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Here is a tip–tips aren’t always tips

Sylvia Allegretto, Economist, Co-Chair of the Center on Wage and Employment Dynamics | August 13, 2013

Workers from Wal-Mart to Macy’s to McDonald’s have taken to the streets across the country to demand better wages and working conditions. The actions have brought to light the plight of low-wage workers and how difficult it is to makes ends meet on such low pay. Importantly, their ranks are on the rise given that most of the jobs created post-Great Recession have been in low wage service occupations. Many of these jobs are in retail and the restaurant industry which pay wages at or close to the minimum wage—which is $7.25 nationally. However, many are paid just $2.13—two-thirteen you say? Yes, that is what wait staff and other tipped workers are often paid.

As a former waiter and bartender of seven years, I’m always a bit miffed that the sub-minimum wage paid to tipped workers has been all but forgotten. The $2.13 wage has been the law of the land since 1991! As with the regular minimum wage, some states have higher sub-wage floors and seven states do not allow for a sub-minimum; but a third of all workers reside in states that allow for the two-thirteen wage.

The two-tiered wage system hinges on the ‘tip credit’ provision afforded to employers. The tip credit is the amount of customer tips an employer can use as credit towards a worker’s wage. Today the federal tip credit, which is the difference between the regular minimum wage of $7.25 and the $2.13 tip wage is $5.12 — this is the part of the tip that is not a tip but a customer-provided wage subsidy to the employer. If a worker’s tips combined with the cash wage paid by the employer do not equal the regular minimum wage, the employer must make up the difference (good luck with that!).

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When originally instituted in 1966, the tip credit and the tipped wage both contributed half of the regular minimum wage as depicted in the Figure. Today, the tipped wage of $2.13 is now just 29% of the regular minimum wage, while the tip credit afforded to employers makes up 71%. Thus the customer provided subsidy is now the lion’s share of a worker’s legal minimum wage. Restaurant customers typically believe the tip that they leave is a reward to the worker for good service; in reality, customers are paying a significant portion of the wage bill—a nice subsidy to an employer’s bottom line.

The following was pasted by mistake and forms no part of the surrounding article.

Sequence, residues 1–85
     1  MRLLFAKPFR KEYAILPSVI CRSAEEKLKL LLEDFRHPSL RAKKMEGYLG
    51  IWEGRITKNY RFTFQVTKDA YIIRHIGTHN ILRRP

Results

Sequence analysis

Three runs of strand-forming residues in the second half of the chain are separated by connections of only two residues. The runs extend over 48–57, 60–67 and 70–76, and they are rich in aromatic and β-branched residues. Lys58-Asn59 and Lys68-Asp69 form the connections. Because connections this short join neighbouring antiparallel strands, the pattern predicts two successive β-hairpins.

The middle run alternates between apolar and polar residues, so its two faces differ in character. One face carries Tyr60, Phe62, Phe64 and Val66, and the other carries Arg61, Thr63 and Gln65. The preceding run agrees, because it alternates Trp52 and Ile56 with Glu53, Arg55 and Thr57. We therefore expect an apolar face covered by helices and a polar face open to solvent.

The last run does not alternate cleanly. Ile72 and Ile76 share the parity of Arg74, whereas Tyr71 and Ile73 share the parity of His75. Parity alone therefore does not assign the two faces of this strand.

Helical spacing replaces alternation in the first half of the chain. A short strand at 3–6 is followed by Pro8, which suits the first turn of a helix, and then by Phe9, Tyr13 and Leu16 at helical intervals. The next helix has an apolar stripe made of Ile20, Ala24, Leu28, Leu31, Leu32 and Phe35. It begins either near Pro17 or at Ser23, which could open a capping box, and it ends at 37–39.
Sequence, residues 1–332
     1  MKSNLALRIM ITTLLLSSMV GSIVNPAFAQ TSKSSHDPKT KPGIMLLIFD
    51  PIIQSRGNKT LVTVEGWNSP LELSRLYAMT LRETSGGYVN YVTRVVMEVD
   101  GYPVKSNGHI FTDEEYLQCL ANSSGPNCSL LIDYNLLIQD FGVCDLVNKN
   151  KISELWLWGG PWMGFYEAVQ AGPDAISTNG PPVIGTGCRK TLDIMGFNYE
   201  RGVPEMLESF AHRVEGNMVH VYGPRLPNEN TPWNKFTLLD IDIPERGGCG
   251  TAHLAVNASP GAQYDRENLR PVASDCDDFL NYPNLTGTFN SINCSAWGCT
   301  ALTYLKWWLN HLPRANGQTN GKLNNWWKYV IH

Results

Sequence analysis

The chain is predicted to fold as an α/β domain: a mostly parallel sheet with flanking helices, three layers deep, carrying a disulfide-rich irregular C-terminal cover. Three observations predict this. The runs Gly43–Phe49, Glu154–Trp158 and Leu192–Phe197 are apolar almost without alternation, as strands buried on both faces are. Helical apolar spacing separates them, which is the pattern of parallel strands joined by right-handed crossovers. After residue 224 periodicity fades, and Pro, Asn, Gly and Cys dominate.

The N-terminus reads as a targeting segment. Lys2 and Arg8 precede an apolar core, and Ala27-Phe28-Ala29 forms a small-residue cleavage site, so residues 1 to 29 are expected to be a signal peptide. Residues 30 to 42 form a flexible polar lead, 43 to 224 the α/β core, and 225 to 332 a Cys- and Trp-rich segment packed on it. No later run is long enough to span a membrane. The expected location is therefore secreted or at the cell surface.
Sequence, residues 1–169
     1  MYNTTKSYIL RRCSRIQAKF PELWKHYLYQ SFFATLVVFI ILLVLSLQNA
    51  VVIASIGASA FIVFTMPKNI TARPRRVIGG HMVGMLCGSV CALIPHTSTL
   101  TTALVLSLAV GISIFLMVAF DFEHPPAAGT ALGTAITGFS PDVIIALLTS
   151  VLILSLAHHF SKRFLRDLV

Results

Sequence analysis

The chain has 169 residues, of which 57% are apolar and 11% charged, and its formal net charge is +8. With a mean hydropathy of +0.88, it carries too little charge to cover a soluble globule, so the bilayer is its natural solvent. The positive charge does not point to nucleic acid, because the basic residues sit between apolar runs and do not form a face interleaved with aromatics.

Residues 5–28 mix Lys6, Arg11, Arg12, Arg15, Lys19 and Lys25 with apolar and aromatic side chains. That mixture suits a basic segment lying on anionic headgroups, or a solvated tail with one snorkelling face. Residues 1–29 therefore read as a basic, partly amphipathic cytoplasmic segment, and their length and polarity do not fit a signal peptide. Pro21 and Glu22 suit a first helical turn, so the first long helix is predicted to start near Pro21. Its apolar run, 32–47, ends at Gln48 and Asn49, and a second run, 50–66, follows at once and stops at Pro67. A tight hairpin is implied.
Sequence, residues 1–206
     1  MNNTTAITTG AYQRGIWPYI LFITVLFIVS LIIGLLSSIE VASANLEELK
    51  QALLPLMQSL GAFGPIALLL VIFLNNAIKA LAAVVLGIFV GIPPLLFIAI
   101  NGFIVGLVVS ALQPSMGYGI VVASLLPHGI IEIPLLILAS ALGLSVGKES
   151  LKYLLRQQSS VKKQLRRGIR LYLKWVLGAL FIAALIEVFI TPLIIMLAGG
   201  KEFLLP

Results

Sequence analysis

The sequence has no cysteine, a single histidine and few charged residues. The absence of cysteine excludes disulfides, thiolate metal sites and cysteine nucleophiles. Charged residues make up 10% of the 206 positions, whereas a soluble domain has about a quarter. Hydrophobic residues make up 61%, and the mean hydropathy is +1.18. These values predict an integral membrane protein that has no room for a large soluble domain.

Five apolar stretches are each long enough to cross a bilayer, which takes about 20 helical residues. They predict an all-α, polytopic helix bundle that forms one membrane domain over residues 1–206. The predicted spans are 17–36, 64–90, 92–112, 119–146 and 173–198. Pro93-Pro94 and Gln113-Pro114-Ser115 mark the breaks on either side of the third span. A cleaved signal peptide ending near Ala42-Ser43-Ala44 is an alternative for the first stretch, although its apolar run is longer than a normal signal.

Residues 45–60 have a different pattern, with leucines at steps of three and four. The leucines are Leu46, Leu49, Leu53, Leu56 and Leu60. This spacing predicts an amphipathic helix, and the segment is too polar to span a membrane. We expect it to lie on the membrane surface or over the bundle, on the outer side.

Tipped workers often do not receive any other benefits such as paid sick days, paid vacation, health insurance or retirement benefits–and their base pay is often all but gone after taxes. So these workers live off of tips that are uncertain and work shifts that are often unpredictable. Wait staff are overwhelming women (72%) and a third are at least 30 years old. Wait staff from a Denny’s in Detroit or a diner in Texas to a truck stop in Wyoming deserve better.

For more information of the sub-minimum wage, its history and the consequences of such a low base wage see this article I wrote on the subject for the August edition of Symposium Magazine. This is a new online magazine that merges academia with public life.

Comments to “Here is a tip–tips aren’t always tips

  1. A point that seems totally overlooked is that the only one authorized to provide employers with a tip credit is the U.S. Secretary of Labor. Federal laws explain that the Secretary of Labor is authorized to determine the fair value of board, lodging and other facilities which might be credited toward the payment of minimum wage.

    However, lawmakers have in the past and are currently deciding whether or not employers will gain an even larger credit to be applied toward the payment of minimum wage. For instance, while the original maximum tip credit was introduced as $2.13 an hour, Congress and many state lawmakers have increased the tip credit to amount without any authorization from the U.S. Secretary of Labor.

    While CFR 203(m) along with parts of CFR 531 explain that the tip credit is an allowance the Secretary of Labor is authorized to permit employers, Congress and many state lawmakers have taken it upon themselves to expand the amount employers may be permitted to take as a tip credit. Something has clearly gone awry.

    Maybe things have gone awry because we are talking about a lot of money. Ask yourself this question. What’s the difference between an employer who simply steals $5.00 in tips each hour from his employee and an employer who deducts $5.00 an hour from this same employee’s minimum wage?